Rare bone condition Paget’s disease: experts suggest single dose IV medication as first-choice treatment
The Endocrine Society issued a Clinical Practice Guideline (CPG) for the diagnosis and treatment of Paget’s disease of the bone, a condition where one or more bones in the body become oversized and weak.
The CPG, entitled “Paget’s Disease of Bone: An Endocrine Society Clinical Practice Guideline,” will appear in the December 2014 issue of the Journal of Clinical Endocrinology and Metabolism (JCEM), a publication of the Endocrine Society.
As part of its normal processes, the body breaks down old bone tissue and replaces it with new bone. When someone has Paget’s disease of the bone, the new tissue being formed can grow too large and weak.
About one million people nationwide have Paget’s disease of the bone, according to the National Institutes of Health’s National Institute of Arthritis and Musculoskeletal and Skin Diseases. Among people who are older than 55 years, an estimated 2 to 3 percent have Paget’s disease. The condition is rare in people who are younger than age 40.
“We’ve long known that bisphosphonates – a class of drugs often used to treat osteoporosis and other bone conditions – work well for treating Paget’s disease,” said Frederick R. Singer, MD, of the John Wayne Cancer Institute in Santa Monica, CA, and chair of the task force that authored the guideline. “One particular option – a one-time IV infusion of zoldedronate – has emerged as the preferred option. The medication can put Paget’s disease into remission for up to six years, and many patients prefer the one-time infusion to oral medications that can cause gastrointestinal side effects and must be taken over the course of several months.”
In the CPG, the Endocrine Society recommends that people with active Paget’s disease at risk of future complications be prescribed bisphosphonates. The Society suggests physicians consider the zoldedronate infusion as the first-line treatment unless there is a reason to avoid the treatment, such as reduced kidney function in the patient.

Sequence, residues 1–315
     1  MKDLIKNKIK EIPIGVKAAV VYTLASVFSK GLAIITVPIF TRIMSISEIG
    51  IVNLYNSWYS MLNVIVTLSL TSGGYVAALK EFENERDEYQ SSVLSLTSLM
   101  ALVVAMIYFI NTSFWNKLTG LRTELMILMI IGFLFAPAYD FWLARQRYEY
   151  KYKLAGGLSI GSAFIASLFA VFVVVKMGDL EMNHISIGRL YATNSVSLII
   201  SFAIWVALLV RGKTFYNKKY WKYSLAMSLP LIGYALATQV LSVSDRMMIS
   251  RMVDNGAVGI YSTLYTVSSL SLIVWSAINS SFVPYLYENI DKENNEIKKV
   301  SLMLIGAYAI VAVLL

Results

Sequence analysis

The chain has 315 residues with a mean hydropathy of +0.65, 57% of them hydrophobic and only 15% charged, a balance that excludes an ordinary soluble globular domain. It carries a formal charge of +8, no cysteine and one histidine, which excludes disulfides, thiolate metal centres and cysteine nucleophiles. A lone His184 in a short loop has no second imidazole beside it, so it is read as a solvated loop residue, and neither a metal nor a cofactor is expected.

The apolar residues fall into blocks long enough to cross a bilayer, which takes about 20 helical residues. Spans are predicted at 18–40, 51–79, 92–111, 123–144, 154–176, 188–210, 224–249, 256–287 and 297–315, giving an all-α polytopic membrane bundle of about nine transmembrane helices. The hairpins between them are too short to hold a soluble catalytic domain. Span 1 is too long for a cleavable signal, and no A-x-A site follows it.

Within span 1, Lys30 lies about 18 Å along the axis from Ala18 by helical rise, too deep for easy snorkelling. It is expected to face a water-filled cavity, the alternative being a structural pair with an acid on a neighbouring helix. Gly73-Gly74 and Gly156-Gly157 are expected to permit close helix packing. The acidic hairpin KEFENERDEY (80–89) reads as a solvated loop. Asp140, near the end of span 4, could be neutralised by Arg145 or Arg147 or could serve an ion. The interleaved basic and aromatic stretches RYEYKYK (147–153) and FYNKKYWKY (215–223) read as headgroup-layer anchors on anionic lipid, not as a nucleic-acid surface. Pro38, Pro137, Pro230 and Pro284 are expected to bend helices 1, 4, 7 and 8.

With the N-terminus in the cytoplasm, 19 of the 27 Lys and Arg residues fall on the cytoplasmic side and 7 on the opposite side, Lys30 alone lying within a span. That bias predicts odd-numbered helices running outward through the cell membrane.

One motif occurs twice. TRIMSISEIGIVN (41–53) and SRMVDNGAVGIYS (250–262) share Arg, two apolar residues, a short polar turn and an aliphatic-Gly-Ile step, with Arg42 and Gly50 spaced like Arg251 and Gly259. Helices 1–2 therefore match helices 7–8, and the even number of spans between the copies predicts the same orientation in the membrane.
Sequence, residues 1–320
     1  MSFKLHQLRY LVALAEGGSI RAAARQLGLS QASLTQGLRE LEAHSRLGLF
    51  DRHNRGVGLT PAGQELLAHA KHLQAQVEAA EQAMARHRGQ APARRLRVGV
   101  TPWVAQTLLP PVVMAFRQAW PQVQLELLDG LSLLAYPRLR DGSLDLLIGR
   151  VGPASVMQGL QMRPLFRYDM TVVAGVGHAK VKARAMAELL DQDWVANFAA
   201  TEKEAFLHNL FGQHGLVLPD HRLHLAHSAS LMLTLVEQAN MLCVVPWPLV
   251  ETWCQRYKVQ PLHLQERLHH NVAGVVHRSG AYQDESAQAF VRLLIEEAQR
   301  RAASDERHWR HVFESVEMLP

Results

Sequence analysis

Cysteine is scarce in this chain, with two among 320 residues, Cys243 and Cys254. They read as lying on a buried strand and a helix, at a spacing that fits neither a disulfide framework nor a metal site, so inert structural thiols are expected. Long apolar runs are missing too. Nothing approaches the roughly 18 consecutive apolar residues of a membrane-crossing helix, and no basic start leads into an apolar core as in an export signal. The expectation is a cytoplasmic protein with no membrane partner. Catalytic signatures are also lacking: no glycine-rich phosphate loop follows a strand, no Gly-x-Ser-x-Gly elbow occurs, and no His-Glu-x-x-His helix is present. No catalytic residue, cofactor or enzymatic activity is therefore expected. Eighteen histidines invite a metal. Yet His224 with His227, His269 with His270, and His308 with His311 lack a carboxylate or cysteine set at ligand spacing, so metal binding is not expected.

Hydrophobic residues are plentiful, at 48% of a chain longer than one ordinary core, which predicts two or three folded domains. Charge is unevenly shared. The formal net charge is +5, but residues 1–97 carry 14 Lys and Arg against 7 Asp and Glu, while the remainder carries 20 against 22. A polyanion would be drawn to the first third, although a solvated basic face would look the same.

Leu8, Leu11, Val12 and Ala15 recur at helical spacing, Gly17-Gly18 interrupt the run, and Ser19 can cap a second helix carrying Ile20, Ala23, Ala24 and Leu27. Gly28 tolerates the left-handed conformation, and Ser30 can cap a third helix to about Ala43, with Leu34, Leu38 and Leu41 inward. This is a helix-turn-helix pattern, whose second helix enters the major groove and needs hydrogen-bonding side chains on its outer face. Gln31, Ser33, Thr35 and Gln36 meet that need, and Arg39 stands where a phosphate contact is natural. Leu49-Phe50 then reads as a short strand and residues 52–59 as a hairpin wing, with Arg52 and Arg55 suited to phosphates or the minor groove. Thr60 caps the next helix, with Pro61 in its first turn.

Recommendations from the CPG include:
- As part of the diagnostic process, plain radiographs should be taken of suspicious areas of the skeleton.
- Following a diagnosis, measurements of the patient’s serum total alkaline phosphatase (ALP) levels, or a more specific bone marker when appropriate, should be performed to determine the extent of the damage.
- People who have both Paget’s disease and abnormal liver function – either in the organ itself or the biliary tract – should undergo a measurement of a specific bone marker to assess response to treatment or, in an untreated patient, determine the disease’s course.
- Since many patients do not report feeling pain when the disease activity recurs, patients should undergo testing for bone markers to determine if they are relapsing.
Other members of the Endocrine Society task force that developed this CPG include: Henry G. Bone III of the Michigan Bone & Mineral Clinic in Detroit, MI; David J. Hosking of Nottingham City Hospital in Nottingham, U.K.; Kenneth W. Lyles of Duke University and VA Medical Centers in Durham, NC; Mohammad Hassan Murad of the Mayo Clinic in Rochester, MN; Ian R. Reid of the University of Auckland in Auckland, New Zealand; and Ethel S. Siris of Columbia University College of Physicians & Surgeons in New York, NY.
The Society established the CPG Program to provide endocrinologists and other clinicians with evidence-based recommendations in the diagnosis and treatment of endocrine-related conditions. Each CPG is created by a task force of topic-related experts in the field. Task forces rely on scientific reviews of the literature in the development of CPG recommendations. The Endocrine Society does not solicit or accept corporate support for its CPGs. All CPGs are supported entirely by Society funds.
The CPG was co-sponsored by the European Society of Endocrinology.